Finland Beats Switzerland To Reach Men’s Ice Hockey Semifinals

Finland Beats Switzerland To Reach Men’s Ice Hockey Semifinals

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2 hr 34 min agoFinland beats Switzerland to reach men’s ice hockey semifinalsFrom CNN’s Matias Grez

Switzerland’s Yannick Weber (L) and Finland’s Harri Pesonen vie for the puck during their men’s hockey quarterfinal match on Feb. 16.  (Anthony Wallace/AFP/Getty Images)Finland comfortably eased past Switzerland 5-1 to reach the semifinals of the men’s ice hockey competition.

They join the Russian Olympic Committee and Slovakia, who stunned the USA on penalties earlier on Wednesday, in the final four.

Sweden and Canada face off later this afternoon for the fourth semifinal berth.

3 hr 26 min agoNorway takes gold in men’s cross-country skiing team sprint classicJohannes Hoesflot Klaebo of Norway reacts crossing the finish line to win the gold medal during the men’s cross-country team sprint classic final on Wednesday.  (Ezra Shaw/Getty Images)After a tense finish in the women’s event, there was no such drama in the final straight of the men’s team sprint classic as Norway’s Johannes Høsflot Klæbo powered away from the field to finish more than 15 meters clear of his nearest rival.

It’s a remarkable fifth Winter Olympics gold medal for Klæbo — his second of Beijing 2022 — who, at just 25 years of age, is already considered one of the greatest cross-country sprint skiers of all time.

Teammate Erik Valnes was there to greet Klæbo as he crossed the finish line to clinch Norway’s 13th gold of these Games.

Finland finished a distant second to take the silver medal, with the Russian Olympic Committee taking bronze.

3 hr 32 min agoAfter almost 12 days straight curling, GB curlers are starting to feel “a wee bit of fatigue” in the lungesFrom CNN’s Ben Morse

Bruce Mouat of Great Britain competes at the curling mixed doubles on Feb. 8. (Lintao Zhang/Getty Images)Curling at Beijing 2022 has been almost a daily event, with men and women lacing up to slide their rocks around at the National Aquatics Centre.

And after a while, it’s beginning to have an effect on some of the maneuvers athletes need to perform.

According to Team GB’s Bruce Mouat, getting down low and stretching his legs is where he’s most feeling it now after almost 12 consecutive days on the ice.

“I think it’s maybe lunging, you do that a lot when you’re sliding. You obviously got a wee bit of fatigue there,” he said after his GB team beat the ROC 8-6 in the men’s curling round robin on Wednesday.

“Body feels really good, mind as well. I’m in a really good head space. I feel like I’m playing really well.”

But Mouat says he’d happily keep playing the sport he loves for as long as possible.

“I love curling so if I get to do that for a month straight, then I’ll do it for a month straight.”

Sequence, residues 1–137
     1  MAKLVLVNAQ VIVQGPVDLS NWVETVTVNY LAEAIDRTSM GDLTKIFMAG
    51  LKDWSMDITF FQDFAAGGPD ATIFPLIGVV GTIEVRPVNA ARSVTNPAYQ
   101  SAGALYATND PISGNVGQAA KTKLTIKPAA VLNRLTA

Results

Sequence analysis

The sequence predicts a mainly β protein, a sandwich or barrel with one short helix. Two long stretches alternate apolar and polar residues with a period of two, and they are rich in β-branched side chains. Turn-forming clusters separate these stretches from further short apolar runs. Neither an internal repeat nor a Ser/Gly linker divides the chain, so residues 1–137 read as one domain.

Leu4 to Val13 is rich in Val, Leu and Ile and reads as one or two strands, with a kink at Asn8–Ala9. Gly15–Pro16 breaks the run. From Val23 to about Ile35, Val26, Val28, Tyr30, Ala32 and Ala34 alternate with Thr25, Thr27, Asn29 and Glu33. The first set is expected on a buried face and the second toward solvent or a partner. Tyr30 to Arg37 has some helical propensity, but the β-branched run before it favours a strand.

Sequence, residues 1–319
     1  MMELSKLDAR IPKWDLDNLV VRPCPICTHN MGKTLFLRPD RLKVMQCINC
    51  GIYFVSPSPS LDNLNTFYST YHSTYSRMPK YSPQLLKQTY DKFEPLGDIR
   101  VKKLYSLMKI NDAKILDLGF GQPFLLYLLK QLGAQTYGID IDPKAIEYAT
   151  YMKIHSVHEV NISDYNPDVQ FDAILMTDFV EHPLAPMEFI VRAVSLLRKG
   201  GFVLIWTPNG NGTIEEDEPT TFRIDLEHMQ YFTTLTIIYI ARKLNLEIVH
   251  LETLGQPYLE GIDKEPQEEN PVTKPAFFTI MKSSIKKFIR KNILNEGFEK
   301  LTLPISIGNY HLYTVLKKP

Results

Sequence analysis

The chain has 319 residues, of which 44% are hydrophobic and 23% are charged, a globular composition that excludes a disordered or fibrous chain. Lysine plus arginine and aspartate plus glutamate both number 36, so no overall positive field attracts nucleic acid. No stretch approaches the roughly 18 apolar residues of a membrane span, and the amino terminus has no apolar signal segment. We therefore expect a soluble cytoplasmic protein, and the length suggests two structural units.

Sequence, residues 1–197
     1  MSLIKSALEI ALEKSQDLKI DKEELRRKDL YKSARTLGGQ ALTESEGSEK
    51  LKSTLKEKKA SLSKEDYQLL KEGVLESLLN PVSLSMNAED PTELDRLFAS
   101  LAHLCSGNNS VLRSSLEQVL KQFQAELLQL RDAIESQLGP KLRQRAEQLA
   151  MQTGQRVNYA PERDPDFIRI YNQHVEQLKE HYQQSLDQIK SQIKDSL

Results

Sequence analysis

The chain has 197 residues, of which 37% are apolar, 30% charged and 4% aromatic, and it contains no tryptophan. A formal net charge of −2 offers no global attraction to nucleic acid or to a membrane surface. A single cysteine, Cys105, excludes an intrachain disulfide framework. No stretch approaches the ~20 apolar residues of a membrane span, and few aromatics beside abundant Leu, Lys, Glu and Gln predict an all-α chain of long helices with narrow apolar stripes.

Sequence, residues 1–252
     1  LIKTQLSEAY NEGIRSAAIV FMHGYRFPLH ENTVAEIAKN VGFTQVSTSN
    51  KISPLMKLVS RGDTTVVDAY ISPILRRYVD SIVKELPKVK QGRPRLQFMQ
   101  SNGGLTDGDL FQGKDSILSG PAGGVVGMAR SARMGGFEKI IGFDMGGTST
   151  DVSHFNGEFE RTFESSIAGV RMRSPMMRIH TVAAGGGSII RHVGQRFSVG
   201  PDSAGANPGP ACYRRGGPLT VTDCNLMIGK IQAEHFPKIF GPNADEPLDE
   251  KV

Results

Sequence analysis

3 hr 38 min agoPandemic and environmental concerns have tested ice-makers at Beijing 2022 From CNN’s Ben Morse

General view of the National Speed Skating Oval on Feb. 1. (Mario Hommes/DeFodi Images/Getty Images)The Winter Olympics are a global Games for athletes, but that’s also true of the people working behind the scenes at Beijing 2022.

Canadians Mark Peter Messer and Matthew James Messer are the men responsible for ice making at the National Speed Skating Oval.

Both worked on the ice in PyeongChang in 2018, and four years later they’ve been intent on providing record-breaking surfaces.

But, Mark — widely regarded as the finest ice-maker on the planet — believes that the ice in the National Speed Skating Oval is even faster than the one they made in South Korea, as evidenced by the fact a number of Olympic speed skating records have already been broken in Beijing.

“We have been very successful with our records,” he said during a press conference. “We have records in almost every distance. We’re getting very good feedback from the athletes and from the coaches that we have made a good surface for them to perform on.”

A process that began almost immediately after the last Winter Olympics, they have been working with a small team from Canada alongside local ice-makers in China to ensure the ice is maintained after the games.

Then the Covid-19 pandemic struck.

“As the pandemic started to hit, we started doing longer trips but less work, because we would do quarantining before and quarantining when we got back to Canada, so it created some challenges there, for sure,” said Mark.

“Some of the trips we would have done, we didn’t do because of the restrictions. So we did more work over Zoom calls and technology calls.

“We had some challenges, for sure. We did not have a lot of experience before the Games where we could learn. Usually, if you open a building, it takes you three or four or five years to really understand how everything works together.

“There are the effects of the air, the effects of the humidity, the lights, the people that come in. There are many factors that affect the quality of the ice and we did not have a big opportunity to learn that because with the pandemic that’s going on we did not have the opportunity to have the test events.

“We had some small test events, and we appreciated the people that came for those. We learned some small stuff, but most of the learning that we did we had to make as soon as the Olympic athletes came.”

As well as making the fastest circuit possible, both men have been tasked with making the National Speed Skating Oval as environmentally friendly a

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